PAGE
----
- The Washington Times - Monday, February 27, 2006

LOS ANGELES — Dennis Weaver, the slow-witted deputy Chester Goode in the TV classic western “Gunsmoke” and the New Mexico deputy solving New York crimes in “McCloud,” has died. The actor was 81.

Mr. Weaver died of complications from cancer Friday at his home in Ridgway, in southwestern Colorado.

Mr. Weaver was a struggling actor in Hollywood in 1955 when he was offered $300 a week for a role in a new CBS television series, “Gunsmoke.” By the end of his nine years with “Gunsmoke,” he was earning $9,000 a week.

When Mr. Weaver first auditioned for the series, he found the character of Chester “inane.” He wrote in his 2001 autobiography that he thought: “With all my Actors Studio training, I’ll correct this character by using my own experiences and drawing from myself.” The result was a well-rounded character that appealed to audiences, especially with his drawling “Mis-ter Dil-lon,” referring to James Arness’ lead character, Marshal Matt Dillon.

In 1966, Mr. Weaver starred with a 600-pound black bear in “Gentle Ben,” about a family that adopts a bear as a pet.

Next came the character Sam McCloud, which Mr. Weaver called “the most satisfying role of my career.”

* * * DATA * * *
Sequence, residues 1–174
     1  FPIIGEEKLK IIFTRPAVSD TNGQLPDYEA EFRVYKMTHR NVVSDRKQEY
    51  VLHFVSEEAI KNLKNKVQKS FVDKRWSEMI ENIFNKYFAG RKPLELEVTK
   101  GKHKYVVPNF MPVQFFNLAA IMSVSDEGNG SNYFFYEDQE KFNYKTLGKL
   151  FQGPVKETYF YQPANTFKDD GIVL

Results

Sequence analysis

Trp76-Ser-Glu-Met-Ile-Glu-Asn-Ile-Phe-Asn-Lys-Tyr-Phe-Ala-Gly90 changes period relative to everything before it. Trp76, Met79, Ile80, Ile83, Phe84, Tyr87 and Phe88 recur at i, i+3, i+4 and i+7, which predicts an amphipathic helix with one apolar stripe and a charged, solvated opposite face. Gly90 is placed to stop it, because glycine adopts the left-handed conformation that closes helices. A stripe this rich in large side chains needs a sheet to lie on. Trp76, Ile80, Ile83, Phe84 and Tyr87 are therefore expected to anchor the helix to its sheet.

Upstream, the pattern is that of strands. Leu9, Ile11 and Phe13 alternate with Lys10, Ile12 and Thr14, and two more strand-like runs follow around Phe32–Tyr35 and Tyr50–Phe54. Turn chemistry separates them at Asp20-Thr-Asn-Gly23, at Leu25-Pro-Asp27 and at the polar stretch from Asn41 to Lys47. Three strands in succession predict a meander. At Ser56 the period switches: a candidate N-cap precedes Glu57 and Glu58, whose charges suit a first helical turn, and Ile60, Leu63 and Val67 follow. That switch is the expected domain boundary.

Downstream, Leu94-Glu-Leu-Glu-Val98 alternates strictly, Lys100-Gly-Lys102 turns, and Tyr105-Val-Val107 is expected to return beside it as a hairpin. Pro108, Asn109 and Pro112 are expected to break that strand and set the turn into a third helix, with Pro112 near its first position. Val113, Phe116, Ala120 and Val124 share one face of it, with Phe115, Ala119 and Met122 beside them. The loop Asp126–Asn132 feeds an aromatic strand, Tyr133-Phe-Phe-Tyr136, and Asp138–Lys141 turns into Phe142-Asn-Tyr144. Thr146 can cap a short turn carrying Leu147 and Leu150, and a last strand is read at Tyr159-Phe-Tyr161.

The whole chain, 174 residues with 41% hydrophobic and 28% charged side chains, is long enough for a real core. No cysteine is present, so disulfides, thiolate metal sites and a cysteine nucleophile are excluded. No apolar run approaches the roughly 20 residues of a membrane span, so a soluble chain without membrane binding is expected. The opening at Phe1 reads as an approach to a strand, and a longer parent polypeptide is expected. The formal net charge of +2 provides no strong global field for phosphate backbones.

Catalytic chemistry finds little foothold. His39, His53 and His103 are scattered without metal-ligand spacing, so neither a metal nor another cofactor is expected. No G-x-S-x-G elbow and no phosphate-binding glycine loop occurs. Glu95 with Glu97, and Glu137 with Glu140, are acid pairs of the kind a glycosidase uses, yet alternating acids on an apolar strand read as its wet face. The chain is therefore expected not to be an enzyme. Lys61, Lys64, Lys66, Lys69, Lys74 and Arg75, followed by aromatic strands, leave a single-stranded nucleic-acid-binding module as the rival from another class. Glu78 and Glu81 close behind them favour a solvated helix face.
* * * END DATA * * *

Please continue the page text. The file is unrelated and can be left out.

The “McCloud” series, which ran from 1970 to 1977, juxtaposed a no-nonsense lawman from Taos, N.M., onto the crime-ridden streets of New York City.

He also appeared in several movies, including “Touch of Evil,” “Ten Wanted Men,” “Gentle Giant,” “Seven Angry Men,” “Dragnet,” “Way … Way Out” and “The Bridges at Toko-Ri.”

Mr. Weaver also was an activist for protecting the environment and combating world hunger.

He served as president of Love Is Feeding Everyone (LIFE), which fed 150,000 needy people a week in Los Angeles County. He founded the Institute of Ecolonomics, which sought solutions to economic and environmental problems.

“Earthship” was the most visible of Mr. Weaver’s crusades. He and his wife, Gerry, built a solar-powered Colorado home out of recycled tires and cans.

The tall, slender actor came by his Midwestern twang naturally. He was born June 4, 1924, in Joplin, Mo., where he excelled in high school drama and athletics.

He studied at the Actors Studio in New York and appeared in “A Streetcar Named Desire” opposite Shelley Winters and toured in “Come Back, Little Sheba” with Shirley Booth.

Mr. Weaver appeared in dozens of TV movies, the most notable being the 1971 “Duel.”

Mr. Weaver is survived by his wife; sons Rick, Robby and Rusty; and three grandchildren.

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